MicroRNAs Targeting MYC Expression: Trace of Hope for Pancreatic Cancer Therapy. A Systematic Review
Received 13 January 2020
Accepted for publication 13 March 2020
Published 1 April 2020 Volume 2020:12 Pages 2393—2404
Checked for plagiarism Yes
Review by Single anonymous peer review
Peer reviewer comments 2
Editor who approved publication: Dr Eileen O'Reilly
Roshanak Shams,1 Hamid Asadzadeh Aghdaei,1 Ali Behmanesh,2 Amir Sadeghi,1 Mohammadareza Zali,1 Sina Salari,3 José M Padrón4
1Research Institute for Gastroenterology and Liver Diseases, Shahid Beheshti University of Medical Sciences, Tehran, Iran; 2Student Research Committee, School of Health Management and Information Sciences, Iran University of Medical Sciences, Tehran, Iran; 3Taleghani Hospital, Shahid Beheshti University of Medical Sciences, Tehran, Iran; 4BioLab, Instituto Universitario de Bio-Orgánica “Antonio González” (IUBO-AG), Universidad de la Laguna, La Laguna, Spain
Correspondence: Roshanak Shams; Ali Behmanesh
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Background: Pancreatic ductal adenocarcinoma (PDAC) is one of the deadliest malignancies and a major health problem worldwide. There were no major advances in conventional treatments in inhibiting tumor progression and increasing patient survival time. In order to suppress mechanisms responsible for tumor cell development such as those with oncogenic roles, more advanced therapeutic strategies should be sought. One of the most important oncogenes of pancreatic cancer is the MYC gene. The overexpression of MYC can activate many tumorigenic processes such as cell proliferation and pancreatic cancer cell invasion. MiRNAs are important molecules that are confirmed by targeting mRNA transcripts to regulate the expression of the MYC gene. Therefore, restoring MYC-repressing miRNAs expression tends to be an effective method of treating MYC-driven cancers.
Objective: The purpose of this study was to identify all validated microRNAs targeting C-MYC expression to inhibit PDAC progression by conducting a systematic review.
Methods: In this systematic review study, the papers published between 2000 and 2020 in major online scientific databases including PubMed, Scopus, and Web of Science were screened, following inclusion and exclusion criteria. We extracted all the experimental studies that showed miRNAs could target the expression of the MYC gene in PDAC.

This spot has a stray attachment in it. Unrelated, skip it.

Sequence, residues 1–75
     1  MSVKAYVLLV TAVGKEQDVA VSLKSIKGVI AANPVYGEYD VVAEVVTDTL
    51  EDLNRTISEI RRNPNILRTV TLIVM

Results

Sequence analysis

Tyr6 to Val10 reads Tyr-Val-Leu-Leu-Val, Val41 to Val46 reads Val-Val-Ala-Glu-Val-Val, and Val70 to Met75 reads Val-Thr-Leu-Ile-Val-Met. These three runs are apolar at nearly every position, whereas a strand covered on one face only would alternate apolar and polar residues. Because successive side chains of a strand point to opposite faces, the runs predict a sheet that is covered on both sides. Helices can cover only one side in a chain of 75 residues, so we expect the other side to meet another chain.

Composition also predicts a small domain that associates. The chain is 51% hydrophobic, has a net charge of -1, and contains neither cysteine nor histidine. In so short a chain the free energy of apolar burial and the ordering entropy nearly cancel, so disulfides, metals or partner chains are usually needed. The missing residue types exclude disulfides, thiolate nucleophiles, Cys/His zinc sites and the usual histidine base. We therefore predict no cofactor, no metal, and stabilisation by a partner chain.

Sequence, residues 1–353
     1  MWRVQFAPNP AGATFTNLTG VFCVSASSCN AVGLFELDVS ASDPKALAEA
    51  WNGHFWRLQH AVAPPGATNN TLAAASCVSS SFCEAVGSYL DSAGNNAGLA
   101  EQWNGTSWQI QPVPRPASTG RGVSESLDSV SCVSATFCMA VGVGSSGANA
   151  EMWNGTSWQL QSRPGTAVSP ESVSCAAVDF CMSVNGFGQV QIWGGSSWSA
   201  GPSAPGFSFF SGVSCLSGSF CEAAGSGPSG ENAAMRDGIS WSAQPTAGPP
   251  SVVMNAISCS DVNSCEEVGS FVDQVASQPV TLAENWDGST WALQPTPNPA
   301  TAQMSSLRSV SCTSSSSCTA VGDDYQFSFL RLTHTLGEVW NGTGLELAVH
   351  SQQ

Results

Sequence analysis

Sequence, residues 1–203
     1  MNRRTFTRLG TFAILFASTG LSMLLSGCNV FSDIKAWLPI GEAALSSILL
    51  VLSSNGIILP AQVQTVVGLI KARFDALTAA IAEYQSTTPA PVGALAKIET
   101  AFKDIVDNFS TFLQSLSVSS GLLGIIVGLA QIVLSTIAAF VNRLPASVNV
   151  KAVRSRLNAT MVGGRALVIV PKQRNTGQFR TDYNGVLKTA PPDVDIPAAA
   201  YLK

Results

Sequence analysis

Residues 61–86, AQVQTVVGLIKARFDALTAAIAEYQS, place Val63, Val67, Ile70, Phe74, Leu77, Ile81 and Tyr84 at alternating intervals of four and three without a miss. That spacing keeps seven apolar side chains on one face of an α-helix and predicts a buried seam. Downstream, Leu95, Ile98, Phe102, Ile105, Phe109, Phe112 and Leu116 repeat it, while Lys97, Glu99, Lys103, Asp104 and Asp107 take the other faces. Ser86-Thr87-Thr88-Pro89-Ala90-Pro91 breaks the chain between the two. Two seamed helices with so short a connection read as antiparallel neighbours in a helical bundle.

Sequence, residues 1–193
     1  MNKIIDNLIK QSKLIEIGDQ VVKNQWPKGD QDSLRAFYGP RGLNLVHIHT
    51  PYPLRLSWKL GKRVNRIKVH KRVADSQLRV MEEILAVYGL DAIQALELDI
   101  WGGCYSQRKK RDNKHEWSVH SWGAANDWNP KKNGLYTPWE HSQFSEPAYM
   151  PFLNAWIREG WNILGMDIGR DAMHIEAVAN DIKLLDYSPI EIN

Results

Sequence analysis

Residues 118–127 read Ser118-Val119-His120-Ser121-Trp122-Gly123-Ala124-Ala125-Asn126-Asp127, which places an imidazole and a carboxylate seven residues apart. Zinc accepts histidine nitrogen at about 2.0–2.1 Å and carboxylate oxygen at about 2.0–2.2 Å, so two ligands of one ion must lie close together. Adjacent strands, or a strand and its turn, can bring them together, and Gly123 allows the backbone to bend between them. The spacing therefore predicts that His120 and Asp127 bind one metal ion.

Results: Eight papers were selected from a total of 89 papers. We found that six miRNAs (Let-7a, miR-145, miR-34a, miR-375, miR-494, and miR-148a) among the selected studies were validated for targeting MYC gene and three of them confirmed Let-7a as a direct MYC expression regulator in PC cells. Finally, we summarized the latest shreds of evidence of experimentally validated miRNAs targeting the MYC gene with respect to PDAC’s therapeutic potential.
Conclusion: Restoring the expression of MYC-repressing miRNAs tends to be an effective way to treat MYC-driven cancers such as PDAC. Several miRNAs have been proposed to target this oncogene via bioinformatics tools, but only a few have been experimentally validated for pancreatic cancer cells and models. Further studies should be conducted to find the interaction network of miRNA-MYC to develop more successful therapeutic strategies for PC, using the synergistic effects of these miRNAs.
Keywords: micro RNA, pancreatic cancer, MYC, cancer therapy
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